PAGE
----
When I was an employment attorney, I noticed that the rare times a discrimination case went to trial (most being settled out of court or resolved by a motion), the jury often could find no liability for a discrimination claim but on the same set of facts found the company liable for retaliation.
My theory was that many jurors — the average person — project themselves onto scenarios and makes judgments on how they would have acted in the same situation, or how they like to believe they would act.
So, for example, jurors trying to decide whether a supervisor has discriminated against an employee for being physically disabled don’t want to believe they would ever do that. So they don’t make the leap that someone else would behave that way — even when the facts and circumstances of a particular case logically lead to a different conclusion. Retaliation, on the other hand, is a smaller leap to make. Most people sympathize and have fewer emotional triggers over the idea that a person who feels unfairly attacked will attack back — even if the way they do so violates the law.
A recent study supports the general idea of my observation: People don’t like to believe that unfair things happen. A recent article I read talks about the studies that show that the more people talk about something negative happening, the more they have to make themselves believe the victim of injustice had to bring it on themselves.
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What the article refers to is the belief that the world is basically fair and just, thus, people who have horrible things happen to them involving other human beings must have brought it on themselves.
“Hence the finding, in a 2009 study, that Holocaust memorials can increase antisemitism. Confronted with an atrocity they otherwise can’t explain, people become slightly more likely, on average, to believe that the victims must have brought it on themselves.”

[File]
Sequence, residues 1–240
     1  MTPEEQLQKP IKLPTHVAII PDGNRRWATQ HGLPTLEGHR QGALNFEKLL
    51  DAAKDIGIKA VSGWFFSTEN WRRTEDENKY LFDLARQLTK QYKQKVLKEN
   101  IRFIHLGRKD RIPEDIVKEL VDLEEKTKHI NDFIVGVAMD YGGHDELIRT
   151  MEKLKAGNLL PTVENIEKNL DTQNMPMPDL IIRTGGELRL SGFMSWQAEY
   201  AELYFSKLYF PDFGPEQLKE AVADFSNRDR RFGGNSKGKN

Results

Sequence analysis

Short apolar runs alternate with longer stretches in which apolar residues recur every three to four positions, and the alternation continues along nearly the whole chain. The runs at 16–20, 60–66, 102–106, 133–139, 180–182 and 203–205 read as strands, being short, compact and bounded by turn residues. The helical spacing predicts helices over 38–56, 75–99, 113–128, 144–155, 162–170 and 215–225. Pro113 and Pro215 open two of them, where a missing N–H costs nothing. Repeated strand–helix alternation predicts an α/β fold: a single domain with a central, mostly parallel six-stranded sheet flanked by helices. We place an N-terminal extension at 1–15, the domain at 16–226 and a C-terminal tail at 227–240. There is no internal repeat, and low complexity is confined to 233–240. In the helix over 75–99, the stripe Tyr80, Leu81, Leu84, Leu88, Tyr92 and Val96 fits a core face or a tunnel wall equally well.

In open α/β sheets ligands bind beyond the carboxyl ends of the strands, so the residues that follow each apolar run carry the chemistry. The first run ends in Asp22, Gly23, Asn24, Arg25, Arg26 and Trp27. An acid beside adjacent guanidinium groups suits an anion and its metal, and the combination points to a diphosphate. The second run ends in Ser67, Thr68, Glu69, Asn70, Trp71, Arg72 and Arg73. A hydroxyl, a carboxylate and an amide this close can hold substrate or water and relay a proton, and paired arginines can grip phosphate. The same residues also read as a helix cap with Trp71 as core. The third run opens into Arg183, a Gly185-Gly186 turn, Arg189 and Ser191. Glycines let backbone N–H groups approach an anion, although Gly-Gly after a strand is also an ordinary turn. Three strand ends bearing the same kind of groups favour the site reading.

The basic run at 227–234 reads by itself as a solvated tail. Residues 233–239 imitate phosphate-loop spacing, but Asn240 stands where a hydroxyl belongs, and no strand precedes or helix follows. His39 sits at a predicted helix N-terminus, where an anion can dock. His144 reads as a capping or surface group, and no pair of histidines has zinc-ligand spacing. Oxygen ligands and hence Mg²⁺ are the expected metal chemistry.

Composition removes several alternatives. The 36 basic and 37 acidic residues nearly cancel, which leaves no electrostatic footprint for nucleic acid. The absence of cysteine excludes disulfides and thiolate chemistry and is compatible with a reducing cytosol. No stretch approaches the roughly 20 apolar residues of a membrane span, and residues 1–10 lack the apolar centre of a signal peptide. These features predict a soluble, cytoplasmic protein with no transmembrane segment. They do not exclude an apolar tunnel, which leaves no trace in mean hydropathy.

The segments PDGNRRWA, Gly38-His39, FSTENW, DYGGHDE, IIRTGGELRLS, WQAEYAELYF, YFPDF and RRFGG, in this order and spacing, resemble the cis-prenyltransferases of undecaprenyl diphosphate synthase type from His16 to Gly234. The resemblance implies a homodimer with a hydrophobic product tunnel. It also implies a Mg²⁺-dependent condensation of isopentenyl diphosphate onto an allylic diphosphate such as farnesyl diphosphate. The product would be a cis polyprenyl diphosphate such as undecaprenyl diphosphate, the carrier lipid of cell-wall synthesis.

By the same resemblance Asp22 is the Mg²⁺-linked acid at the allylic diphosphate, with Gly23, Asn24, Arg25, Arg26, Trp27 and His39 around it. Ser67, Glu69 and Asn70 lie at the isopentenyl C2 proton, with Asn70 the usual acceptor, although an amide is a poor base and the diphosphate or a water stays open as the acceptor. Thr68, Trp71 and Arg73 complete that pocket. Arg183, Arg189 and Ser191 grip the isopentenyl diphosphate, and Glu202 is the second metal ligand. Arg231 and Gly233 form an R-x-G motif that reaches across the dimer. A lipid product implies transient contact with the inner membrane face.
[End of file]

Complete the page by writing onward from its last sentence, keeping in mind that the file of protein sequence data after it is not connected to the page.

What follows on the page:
Think about how many times you’ve seen that happen in the workplace involving something that isn’t directly tied to a discrimination issue. For example, a co-worker is fired by a boss who everyone tends to agree isn’t the most fair human being in the world. And yet, what happens is that people rush to look for the ways that the fired employee deserved it, even when the facts say otherwise. I admit that’s a complicated example — people have bad consequences at work for a variety of open and confidential reasons. The point is that people rush to reframe unpleasant events in ways that make them feel that it couldn’t happen to them, or to assure themselves that they would not treat another in an unfair and damaging way.
It’s a tough topic because what these studies are saying is that there is a backlash for speaking the truth about unpleasant events. Yet, is the solution to be silent and create no backlash?
Each of us has tremendous capacity to look at facts with objectivity and compassion, without being overwhelmed or irritated by others’ pain. We could stand to exercise those muscles. Otherwise, backlash just tends to create more backlash.
Send questions to Michelle T. Johnson on Facebook at www.facebook.com/ diversitydiva.